African Leaders Speak Out in Paris

The “Summit for a New Global Financial Pact” in Paris, June 22-23, turned out to be more controversial than host Emmanuel Macron had expected. Among the attendees were many of the leaders of Western European, African and Latin American nations, as well as the heads of the IMF, World Bank, U.S. Treasury Department, the ECB and the European Commission (cf. SAS 26/23). The organizers were pushing for a global tax of at least $1 trillion per year to be used, they claimed, to combat “climate change”.

The African leaders would have none of it, several of them pointing out that at conferences like this, grand promises of money for developing Africa are often made, but nothing is delivered. South African President Cyril Ramaphosa pointed out, at the closing session, that if President Macron and the others are serious about reforming the financial architecture, they should support the building of the Inga Dam project on the Congo River, which would generate sufficient electricity for a good many of the 600 million Africans who currently have no access. Another project he proposed for the future is the building of a railway connecting South Africa with Cairo.

Zambia’s President Hakainde Hichilema warned that he would be a bit abusive to President Macron, and pointed out that “you cannot expect a poor person to carry an additional burden”. The resources mobilized “must be invested to help grow our economies”, he said. He added to the insult to the West by thanking China for the generous development funds it offered at only 1% interest.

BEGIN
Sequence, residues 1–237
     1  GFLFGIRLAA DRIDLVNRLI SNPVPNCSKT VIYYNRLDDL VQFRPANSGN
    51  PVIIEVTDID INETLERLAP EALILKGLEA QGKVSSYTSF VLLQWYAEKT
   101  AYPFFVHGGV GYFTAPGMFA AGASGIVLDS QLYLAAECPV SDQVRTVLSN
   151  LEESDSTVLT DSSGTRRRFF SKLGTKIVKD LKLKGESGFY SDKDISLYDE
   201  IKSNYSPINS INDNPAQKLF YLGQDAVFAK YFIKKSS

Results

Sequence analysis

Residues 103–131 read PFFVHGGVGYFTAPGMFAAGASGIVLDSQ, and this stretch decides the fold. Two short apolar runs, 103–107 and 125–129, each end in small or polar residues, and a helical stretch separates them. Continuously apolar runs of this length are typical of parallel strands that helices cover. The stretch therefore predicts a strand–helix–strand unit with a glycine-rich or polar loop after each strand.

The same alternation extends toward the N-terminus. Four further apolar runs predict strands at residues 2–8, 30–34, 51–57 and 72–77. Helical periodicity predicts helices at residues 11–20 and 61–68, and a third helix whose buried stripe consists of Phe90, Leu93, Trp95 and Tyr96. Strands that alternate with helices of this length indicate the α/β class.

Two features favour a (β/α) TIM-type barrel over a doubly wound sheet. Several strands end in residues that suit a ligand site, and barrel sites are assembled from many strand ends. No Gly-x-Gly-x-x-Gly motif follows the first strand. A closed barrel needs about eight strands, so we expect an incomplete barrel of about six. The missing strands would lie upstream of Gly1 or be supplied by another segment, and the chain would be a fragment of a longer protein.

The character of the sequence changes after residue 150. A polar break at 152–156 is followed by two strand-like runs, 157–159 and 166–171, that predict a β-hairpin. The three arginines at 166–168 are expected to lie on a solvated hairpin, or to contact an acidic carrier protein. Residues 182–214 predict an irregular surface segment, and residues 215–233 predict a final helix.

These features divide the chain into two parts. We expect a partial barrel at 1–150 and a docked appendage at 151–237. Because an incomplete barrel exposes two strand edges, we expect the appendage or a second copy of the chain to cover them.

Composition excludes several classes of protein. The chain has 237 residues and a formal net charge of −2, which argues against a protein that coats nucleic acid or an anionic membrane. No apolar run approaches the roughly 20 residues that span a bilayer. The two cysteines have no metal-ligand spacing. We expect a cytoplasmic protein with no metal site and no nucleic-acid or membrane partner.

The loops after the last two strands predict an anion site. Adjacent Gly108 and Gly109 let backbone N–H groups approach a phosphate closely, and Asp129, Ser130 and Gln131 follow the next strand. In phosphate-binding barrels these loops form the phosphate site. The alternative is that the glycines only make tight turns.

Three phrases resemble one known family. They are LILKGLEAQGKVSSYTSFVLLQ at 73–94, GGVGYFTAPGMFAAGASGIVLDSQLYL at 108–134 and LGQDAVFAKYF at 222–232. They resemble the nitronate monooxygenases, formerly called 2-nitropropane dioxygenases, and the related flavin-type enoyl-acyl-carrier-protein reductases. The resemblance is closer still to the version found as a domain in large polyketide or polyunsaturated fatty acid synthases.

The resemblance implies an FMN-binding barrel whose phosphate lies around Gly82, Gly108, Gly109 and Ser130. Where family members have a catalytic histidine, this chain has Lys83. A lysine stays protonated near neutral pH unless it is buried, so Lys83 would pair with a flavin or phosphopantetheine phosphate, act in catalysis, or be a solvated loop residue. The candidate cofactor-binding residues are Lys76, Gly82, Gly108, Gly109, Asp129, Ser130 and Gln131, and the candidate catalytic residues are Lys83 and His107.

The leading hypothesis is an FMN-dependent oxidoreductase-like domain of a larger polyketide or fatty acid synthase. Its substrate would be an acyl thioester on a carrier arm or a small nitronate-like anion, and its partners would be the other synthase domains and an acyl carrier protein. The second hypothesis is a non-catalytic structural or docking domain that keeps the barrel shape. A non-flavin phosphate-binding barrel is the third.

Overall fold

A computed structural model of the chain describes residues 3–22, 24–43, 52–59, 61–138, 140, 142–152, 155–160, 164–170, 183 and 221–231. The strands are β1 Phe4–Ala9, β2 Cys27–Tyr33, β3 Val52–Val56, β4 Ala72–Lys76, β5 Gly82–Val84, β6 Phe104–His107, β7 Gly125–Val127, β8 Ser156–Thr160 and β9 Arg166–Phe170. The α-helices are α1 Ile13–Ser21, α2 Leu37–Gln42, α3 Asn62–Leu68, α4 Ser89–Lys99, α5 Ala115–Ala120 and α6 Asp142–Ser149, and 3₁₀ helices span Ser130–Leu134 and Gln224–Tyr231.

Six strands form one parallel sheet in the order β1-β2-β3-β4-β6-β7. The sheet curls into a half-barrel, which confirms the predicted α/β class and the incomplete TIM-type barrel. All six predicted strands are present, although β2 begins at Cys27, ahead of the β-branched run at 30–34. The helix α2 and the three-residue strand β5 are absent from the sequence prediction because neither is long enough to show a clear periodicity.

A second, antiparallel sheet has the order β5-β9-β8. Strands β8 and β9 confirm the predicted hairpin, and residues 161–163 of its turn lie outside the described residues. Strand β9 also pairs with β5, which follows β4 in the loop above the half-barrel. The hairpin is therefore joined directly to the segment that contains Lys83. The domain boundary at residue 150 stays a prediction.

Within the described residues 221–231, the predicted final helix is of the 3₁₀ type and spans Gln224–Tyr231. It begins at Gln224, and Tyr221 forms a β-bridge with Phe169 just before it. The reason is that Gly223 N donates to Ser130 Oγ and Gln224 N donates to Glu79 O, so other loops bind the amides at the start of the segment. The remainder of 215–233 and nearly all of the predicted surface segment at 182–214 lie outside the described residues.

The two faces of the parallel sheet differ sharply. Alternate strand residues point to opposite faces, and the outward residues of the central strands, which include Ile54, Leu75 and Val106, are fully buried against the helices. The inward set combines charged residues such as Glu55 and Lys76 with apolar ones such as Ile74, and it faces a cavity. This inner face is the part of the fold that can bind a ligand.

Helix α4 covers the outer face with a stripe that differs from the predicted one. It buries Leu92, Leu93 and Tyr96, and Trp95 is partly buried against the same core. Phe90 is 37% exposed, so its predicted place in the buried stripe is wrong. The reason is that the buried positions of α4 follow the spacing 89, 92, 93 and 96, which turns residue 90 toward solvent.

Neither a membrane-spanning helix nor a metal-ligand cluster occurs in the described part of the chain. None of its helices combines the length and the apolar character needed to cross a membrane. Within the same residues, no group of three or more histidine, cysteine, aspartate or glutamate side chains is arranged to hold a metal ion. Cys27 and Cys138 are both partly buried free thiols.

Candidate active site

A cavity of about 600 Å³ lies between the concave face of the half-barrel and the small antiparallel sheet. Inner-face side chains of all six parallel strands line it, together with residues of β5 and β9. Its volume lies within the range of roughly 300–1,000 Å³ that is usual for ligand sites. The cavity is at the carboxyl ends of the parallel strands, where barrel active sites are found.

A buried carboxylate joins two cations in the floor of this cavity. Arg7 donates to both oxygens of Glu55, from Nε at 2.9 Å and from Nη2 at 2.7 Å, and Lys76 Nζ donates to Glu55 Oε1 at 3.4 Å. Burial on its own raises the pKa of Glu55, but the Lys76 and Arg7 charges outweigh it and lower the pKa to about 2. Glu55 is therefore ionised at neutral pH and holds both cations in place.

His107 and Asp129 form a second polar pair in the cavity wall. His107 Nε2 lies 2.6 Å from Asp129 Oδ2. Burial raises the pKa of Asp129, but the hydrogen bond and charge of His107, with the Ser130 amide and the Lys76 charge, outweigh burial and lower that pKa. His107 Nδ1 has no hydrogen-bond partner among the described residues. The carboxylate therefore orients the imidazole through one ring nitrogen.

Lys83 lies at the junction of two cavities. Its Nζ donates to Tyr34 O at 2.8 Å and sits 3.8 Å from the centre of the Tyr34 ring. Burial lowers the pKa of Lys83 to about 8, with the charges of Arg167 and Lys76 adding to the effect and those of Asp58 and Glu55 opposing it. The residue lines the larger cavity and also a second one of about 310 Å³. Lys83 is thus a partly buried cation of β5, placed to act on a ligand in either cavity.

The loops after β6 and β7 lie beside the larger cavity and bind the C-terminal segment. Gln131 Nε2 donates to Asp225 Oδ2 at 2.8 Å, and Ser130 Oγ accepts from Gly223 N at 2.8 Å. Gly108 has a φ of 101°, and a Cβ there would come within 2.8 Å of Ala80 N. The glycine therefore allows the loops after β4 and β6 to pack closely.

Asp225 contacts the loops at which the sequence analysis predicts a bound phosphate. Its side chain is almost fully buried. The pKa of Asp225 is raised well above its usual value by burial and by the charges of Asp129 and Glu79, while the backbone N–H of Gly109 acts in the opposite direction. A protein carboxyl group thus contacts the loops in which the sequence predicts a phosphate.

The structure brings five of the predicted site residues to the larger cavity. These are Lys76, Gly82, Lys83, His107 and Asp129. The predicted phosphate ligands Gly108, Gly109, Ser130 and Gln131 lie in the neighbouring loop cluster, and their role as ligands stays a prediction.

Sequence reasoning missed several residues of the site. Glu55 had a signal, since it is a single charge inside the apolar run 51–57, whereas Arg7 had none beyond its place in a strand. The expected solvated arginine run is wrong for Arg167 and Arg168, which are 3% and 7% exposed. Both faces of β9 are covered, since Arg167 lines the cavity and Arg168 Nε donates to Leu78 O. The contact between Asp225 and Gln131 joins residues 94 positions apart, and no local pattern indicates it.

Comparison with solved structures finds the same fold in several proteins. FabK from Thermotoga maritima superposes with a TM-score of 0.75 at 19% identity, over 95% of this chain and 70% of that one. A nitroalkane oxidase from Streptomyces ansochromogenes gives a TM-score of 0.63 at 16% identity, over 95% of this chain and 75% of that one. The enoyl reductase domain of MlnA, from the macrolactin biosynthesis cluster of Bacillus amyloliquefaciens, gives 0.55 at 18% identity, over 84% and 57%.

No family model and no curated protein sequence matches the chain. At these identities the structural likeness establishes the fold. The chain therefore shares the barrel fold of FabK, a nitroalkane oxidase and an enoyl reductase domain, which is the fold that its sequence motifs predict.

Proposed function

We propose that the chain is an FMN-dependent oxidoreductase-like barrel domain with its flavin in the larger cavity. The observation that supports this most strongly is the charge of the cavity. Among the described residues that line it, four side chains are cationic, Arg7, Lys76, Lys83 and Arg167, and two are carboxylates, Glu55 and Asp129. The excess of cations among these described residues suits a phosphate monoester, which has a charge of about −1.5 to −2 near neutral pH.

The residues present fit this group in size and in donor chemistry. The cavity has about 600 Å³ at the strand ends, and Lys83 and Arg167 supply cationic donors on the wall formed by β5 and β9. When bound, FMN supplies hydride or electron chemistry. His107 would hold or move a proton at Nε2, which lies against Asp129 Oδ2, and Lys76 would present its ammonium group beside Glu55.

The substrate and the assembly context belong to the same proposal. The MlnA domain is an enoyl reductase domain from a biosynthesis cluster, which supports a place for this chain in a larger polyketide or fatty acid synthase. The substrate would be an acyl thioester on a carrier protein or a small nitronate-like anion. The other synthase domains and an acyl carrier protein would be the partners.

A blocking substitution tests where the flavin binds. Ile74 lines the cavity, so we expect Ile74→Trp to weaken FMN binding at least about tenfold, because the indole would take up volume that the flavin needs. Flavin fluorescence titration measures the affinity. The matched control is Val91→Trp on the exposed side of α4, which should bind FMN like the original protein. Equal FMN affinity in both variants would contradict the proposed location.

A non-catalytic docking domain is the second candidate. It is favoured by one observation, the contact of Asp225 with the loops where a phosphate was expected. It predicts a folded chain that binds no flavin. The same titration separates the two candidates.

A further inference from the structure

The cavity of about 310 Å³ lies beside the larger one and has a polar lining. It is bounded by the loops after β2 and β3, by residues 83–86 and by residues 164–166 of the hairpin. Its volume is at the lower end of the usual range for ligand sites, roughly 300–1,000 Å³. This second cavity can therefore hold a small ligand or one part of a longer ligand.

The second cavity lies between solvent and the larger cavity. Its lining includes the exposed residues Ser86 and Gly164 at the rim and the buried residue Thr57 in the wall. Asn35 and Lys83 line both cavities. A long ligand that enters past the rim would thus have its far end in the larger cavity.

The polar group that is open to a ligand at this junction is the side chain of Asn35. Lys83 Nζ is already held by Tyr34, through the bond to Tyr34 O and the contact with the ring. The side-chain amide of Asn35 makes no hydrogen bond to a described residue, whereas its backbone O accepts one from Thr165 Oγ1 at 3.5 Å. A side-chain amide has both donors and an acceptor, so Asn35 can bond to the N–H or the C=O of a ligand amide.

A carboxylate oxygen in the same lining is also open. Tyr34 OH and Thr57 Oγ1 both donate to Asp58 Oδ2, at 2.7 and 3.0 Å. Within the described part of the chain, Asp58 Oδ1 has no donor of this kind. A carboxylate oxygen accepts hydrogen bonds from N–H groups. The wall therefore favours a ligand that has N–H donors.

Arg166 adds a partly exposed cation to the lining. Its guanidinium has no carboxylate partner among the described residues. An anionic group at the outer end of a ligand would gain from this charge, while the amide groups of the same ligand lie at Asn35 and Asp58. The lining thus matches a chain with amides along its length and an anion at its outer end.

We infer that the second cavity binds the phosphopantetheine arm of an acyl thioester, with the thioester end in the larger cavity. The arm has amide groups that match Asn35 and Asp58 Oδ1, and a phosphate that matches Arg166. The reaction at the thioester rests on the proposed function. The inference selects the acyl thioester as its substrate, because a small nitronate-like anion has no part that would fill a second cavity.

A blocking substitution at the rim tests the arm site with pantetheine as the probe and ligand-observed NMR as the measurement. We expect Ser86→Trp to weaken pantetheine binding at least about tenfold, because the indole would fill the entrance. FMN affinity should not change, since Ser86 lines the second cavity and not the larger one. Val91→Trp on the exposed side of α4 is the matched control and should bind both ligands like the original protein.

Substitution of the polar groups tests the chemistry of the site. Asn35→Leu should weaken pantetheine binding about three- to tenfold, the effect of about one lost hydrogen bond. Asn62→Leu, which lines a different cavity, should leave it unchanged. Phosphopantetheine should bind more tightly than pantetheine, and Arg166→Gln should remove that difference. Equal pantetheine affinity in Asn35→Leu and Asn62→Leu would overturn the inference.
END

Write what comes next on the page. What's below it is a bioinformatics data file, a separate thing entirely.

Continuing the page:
Kenyan President William Ruto was also outspoken, in denouncing the international financial institutions that always control the resources mobilized: “at the IMF and World Bank you have the final say, we have no say. We want another organization of equals….”

Brazilian President Lula da Silva and Cyril Ramaphosa conferred on the sidelines about the peace initiatives for Ukraine that both of them are pursuing separately, as well as the agenda of the August BRICS summit in South Africa.

The new chairwoman of the BRICS New Development Bank, Dilma Rousseff, has also been campaigning actively to increase the role of her bank in financing development projects for the less developed countries and putting an end to the “dollar hegemony”, under which countries are forced to accept a “certain value system” in exchange for funding. They are told that if they don’t, they “will be punished accordingly, and face measures such as war, coups, or sanctions”.

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